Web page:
A series of suicide bombings and attacks in southwest Syria have killed at least 215 people, with state media blaming the Islamic State of Iraq and the Levant (ISIL, also known as ISIS) for the violence.
Sweida’s health department on Wednesday put the number of fatalities from the blast at 215, after initially claiming that scores had been killed in the attacks.
A suicide bomber detonated his explosives at a busy vegetable market in the city of Sweida, some 120km south from the capital Damascus, early on Wednesday, as ISIL fighters mounted attacks on several villages to the northeast, state news agency SANA said.
The bomber drove through the market on a motorcycle and blew himself up, the TV station said.
Fighters from ISIL reportedly attacked three villages northeast of Sweida city, killing and wounding a number of people, SANA added.
Sweida province has largely been spared most of the violence that Syrian cities have witnessed in the years since the conflict started in 2011.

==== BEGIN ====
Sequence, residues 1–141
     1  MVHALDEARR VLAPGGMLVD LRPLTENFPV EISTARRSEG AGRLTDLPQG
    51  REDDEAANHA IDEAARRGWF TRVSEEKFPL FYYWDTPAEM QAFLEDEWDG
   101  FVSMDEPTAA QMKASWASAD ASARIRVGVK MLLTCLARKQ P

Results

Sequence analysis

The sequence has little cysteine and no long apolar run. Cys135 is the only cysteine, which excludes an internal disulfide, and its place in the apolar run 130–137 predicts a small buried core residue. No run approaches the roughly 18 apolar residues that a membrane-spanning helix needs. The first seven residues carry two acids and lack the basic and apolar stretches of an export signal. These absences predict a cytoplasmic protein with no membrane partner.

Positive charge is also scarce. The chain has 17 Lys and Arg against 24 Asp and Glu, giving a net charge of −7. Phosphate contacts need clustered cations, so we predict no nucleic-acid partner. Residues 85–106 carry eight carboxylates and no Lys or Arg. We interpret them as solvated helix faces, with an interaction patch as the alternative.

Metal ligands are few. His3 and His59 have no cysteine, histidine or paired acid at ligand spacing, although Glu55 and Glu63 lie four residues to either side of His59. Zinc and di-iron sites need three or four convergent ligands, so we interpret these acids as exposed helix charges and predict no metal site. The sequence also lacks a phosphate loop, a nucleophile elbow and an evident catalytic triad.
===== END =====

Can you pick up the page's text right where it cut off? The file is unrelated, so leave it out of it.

But in recent weeks, the Syrian government and its main ally Russia have stepped up their offensive to defeat rebels holding territory in southwest Syria, and captured a string of villages straddling the southern provinces of Deraa and Quneitra as they edge closer to a 1974 demilitarised zone with Israel.
In less than a month, Syrian government forces, backed by Russian air power, have been able to seize control of most of southwestern Deraa province, including the provincial capital of the same name.
The city of Deraa was the cradle of the uprising against President Bashar al-Assad more than seven years ago.
Alongside the military offensive, the government has also struck “reconciliation” deals, essentially a negotiated capitulation of a number of villages that have been in rebel hands for years, to restore government control there.
Hundreds of rebel fighters and their families have departed from the region since Saturday and fled to opposition-held Idlib province.
The Syrian civil war started as a largely peaceful uprising against al-Assad in March 2011, but quickly developed into a full-scale war after the Syrian leader refused to concede power.
The UN special envoy to Syria, Staffan de Mistura, estimated that at least 400,000 people had died over the first five years of conflict.